Hitchhiker's Guide To The Galaxy


The NJ MVC (New Jersey Motor Vehicle Commission) does not accept its own licenses as sufficient proof of identification to get a new license. So apparently they aren't particularly confident in the quality of their licenses, despite all the clever features like holograms, etc. Anyway I showed up today with every single piece of identification I posses and it was just enough to get a new license, pathetic really. I bet it's easier for people with counterfeits, they can just make up whatever ID they need. So in conclusion, no more GDL for me, not that many of you follow it anyway.

Oh and as a side note when I renewed my car's registration I was asked if I had correctly written down the mileage of my car's odometer, nice.
Hitchhiker's Guide To The Galaxy


1) Political Science (Heditsch) In L-1, unless I'm mistaken that's the closet of a room, at least it has AC.
2) Phys Ed/Health/ToK (Baglin/Slattery/Kreminds) Slattery teaching health should be amusing, and Kremins!
3) Further Mathematics (Quinn)
4) Physics "C" (Finley) A new physics teacher, and against all odds - female. I did some googling and I wonder if by any chance this is her (it is her name and the graduating year makes sense)
5) Research Methods in Psychology (Brown) Out of the library and into a classroom, crazy
6) Statistics (Acker)
7) English 4 (Kober)
8) Chemical Themes (DeBona)

So what do we have in common?
Hitchhiker's Guide To The Galaxy

A love story, of sorts...

They integrated from the very point of origin. Her curves were continuous, and even though he was odd, he was a real number. They both wanted to get skewed. The day their lines first intersected, they became an ordered pair. From then on, it was a continuous function. They were both in their prime, so in next to no time they were horizontal and parallel. She was awed by the magnitude of his perpendicular line, and he was amazed by her conical projections.

"Bisect my angle!" she postulated each time she reached her local maximum. They had many simultaneous solutions. He taught her the chain rule as she implicitly defined the amplitude of his simple harmonic motion. They underwent multiple rotations of their axes, until at last they reached the vertex, the critical point, their finite limit.

After that they slept like logs. Later she found him taking a right-handed limit, and that was a problem. It was improper form. He meanwhile had realized that she was irrational, not to mention square. It seemed as though she was from another dimension. Things just weren't adding up, so they diverged. That was a real plus because he needed to get her out of his domain.

She's currently reaching the limit in a relationship that is somewhat undefined. He is currently unable to afford dating because he did a cosine on a loan for his son, Ray.
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Hitchhiker's Guide To The Galaxy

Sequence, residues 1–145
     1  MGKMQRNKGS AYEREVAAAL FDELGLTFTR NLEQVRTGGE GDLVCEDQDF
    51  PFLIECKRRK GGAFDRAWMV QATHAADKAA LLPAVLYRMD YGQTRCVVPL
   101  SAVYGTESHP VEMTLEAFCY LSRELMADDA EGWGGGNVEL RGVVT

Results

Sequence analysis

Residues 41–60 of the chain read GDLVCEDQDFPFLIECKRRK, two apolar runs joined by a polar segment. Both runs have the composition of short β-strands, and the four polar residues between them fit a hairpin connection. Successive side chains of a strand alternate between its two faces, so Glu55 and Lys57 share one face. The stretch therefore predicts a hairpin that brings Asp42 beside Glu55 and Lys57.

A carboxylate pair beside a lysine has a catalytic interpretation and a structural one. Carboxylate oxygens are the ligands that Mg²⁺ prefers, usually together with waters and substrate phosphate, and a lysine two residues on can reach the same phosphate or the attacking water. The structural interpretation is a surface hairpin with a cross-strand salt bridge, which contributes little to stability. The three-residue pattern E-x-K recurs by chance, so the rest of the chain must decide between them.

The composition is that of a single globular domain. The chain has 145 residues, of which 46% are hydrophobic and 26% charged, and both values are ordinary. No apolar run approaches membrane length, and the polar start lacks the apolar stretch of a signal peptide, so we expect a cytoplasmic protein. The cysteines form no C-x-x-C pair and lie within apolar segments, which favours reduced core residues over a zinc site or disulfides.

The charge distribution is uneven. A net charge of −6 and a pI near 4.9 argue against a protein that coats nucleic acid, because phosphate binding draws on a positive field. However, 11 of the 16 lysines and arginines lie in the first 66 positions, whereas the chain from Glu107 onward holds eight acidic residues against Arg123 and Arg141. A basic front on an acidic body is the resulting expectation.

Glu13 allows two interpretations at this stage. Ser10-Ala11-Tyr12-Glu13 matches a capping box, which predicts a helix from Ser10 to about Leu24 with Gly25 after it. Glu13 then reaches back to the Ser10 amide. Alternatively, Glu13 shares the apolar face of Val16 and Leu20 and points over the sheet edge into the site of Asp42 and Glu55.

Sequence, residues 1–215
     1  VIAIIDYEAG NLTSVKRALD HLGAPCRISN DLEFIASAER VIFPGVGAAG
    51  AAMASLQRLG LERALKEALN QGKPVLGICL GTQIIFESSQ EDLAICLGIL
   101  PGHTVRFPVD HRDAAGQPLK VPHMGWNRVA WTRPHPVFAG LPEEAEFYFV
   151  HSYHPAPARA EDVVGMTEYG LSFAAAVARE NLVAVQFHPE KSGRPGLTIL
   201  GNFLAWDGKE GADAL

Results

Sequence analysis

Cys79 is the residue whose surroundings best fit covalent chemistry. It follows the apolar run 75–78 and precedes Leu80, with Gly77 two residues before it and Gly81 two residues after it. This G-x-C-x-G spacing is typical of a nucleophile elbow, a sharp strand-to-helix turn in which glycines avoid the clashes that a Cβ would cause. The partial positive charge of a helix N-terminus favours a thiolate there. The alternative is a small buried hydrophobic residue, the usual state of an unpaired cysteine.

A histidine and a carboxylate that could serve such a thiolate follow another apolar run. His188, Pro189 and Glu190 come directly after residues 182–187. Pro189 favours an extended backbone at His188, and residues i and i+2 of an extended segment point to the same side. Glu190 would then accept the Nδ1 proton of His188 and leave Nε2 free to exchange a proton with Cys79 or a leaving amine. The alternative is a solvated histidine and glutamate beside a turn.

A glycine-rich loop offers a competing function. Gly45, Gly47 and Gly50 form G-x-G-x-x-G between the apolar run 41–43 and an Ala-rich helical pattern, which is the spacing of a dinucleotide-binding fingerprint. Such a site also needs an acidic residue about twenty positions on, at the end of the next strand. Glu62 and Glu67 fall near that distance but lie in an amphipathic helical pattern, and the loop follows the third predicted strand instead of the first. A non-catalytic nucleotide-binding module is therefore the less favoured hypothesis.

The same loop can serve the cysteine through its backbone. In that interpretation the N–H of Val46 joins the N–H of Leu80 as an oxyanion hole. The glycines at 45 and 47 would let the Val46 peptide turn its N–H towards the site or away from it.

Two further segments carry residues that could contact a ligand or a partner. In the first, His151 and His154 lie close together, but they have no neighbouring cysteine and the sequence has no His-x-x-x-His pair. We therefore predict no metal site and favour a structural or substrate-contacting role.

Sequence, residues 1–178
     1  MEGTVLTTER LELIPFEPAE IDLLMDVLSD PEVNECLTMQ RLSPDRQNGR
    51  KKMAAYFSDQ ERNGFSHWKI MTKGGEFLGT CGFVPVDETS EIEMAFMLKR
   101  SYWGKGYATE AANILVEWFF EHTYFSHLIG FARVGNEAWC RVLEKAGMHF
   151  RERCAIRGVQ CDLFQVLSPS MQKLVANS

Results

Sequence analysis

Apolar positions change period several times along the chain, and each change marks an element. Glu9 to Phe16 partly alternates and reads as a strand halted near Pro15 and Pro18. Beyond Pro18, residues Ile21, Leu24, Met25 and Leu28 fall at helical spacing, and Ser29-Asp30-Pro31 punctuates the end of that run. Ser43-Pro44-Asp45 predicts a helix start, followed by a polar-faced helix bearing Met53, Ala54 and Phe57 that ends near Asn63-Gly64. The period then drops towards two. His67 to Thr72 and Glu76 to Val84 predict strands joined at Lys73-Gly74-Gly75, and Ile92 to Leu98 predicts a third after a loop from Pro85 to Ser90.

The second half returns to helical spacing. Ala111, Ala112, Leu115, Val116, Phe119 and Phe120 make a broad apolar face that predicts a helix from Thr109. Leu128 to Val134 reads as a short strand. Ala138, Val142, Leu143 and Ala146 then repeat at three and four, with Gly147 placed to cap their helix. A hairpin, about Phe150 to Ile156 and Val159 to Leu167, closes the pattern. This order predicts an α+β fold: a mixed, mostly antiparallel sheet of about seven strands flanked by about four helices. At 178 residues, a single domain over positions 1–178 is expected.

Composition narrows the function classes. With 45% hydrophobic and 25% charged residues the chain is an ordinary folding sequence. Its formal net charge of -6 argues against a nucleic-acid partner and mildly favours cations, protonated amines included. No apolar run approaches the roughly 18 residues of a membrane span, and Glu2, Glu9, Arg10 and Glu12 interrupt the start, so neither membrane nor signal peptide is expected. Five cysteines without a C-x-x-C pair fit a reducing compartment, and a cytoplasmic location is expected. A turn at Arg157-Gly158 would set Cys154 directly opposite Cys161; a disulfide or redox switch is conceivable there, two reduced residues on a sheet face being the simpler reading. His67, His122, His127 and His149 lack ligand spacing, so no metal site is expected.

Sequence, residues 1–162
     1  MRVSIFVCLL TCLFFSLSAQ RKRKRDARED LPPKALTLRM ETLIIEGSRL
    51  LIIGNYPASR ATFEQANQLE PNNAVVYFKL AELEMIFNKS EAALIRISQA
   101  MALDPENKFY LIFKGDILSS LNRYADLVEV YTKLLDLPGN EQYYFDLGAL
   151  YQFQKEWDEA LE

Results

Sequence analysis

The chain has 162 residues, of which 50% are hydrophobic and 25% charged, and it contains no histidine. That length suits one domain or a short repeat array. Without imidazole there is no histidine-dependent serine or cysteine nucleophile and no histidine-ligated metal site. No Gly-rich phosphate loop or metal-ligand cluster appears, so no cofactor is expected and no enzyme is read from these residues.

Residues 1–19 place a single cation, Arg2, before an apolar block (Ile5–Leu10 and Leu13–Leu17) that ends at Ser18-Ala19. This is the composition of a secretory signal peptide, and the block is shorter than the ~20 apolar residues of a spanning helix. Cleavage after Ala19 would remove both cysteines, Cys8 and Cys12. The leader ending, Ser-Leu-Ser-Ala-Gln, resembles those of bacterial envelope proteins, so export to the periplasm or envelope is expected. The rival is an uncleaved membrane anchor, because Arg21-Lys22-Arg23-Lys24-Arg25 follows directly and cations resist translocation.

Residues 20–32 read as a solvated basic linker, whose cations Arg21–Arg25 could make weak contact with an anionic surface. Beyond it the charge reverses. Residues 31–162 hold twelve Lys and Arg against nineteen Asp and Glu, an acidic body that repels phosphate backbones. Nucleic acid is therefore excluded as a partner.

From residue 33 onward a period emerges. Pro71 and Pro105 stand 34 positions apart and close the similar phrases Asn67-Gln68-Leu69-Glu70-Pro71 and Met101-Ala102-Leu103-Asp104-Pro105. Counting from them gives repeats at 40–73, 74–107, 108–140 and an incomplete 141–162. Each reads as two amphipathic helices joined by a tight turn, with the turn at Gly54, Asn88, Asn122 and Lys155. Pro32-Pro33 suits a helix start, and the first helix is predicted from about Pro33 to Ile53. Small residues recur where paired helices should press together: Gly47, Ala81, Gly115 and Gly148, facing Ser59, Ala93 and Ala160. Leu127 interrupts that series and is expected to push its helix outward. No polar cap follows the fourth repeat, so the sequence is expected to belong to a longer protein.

(no subject)

A bill to be voted on tommorow:

To provide for the common defense by requiring all persons in the United States, including women, between the ages of 18 and 42 to perform a period of military service or a period of civilian service in furtherance of the national defense and homeland security, and for other purposes.

From within the bill:


(a) GENERAL RULE.--Except as otherwise provided in this section, the period of national service performed by a person under this Act shall be two years.
Hitchhiker's Guide To The Galaxy

(no subject)

I haven't updated in a long time and I'm too busy/lazy to give any meaningful entry right now. However, I do want to share this:

Newsweek's 1000 Top U.S. Schools (I'm highly dubious of the value of this):

#148 West Morris Mendham 2.769 AP&IB tests taken per graduating senior
#780 West Morris Central 1.357 AP&IB tests taken per graduating senior

They rank the schools based on that ratio, and while I'm not convinced that's very meaningful it's still interesting.
Hitchhiker's Guide To The Galaxy

(no subject)

Can math tests be racially biased? Specifically ones for police entrance exams in this case.

From the article:

Between 2002 and mid-2005, about 59 percent of black applicants and 66 percent of Hispanic applicants passed the math test, compared with 85 percent of white applicants, according to the Justice Department letter.

One sample question framed a problem in the context of police work: “On Tuesday, Officer Jones worked the 3 p.m. to 11 p.m. shift. At 10:55 p.m. he was called to the scene of an accident where he remained until 1:30 a.m. How long past his regular shift did Officer Jones work?”

I have a hard time understanding how blacks and Hispanics doing worse on a math test implies the test is biased, and additionally how that math problem is biased. It might be sloppy reporting, and it might be my fault understanding...but it seems to me that it's more likely blacks and Hispanics are less educated in math (hence where the bias exists) as opposed to the test.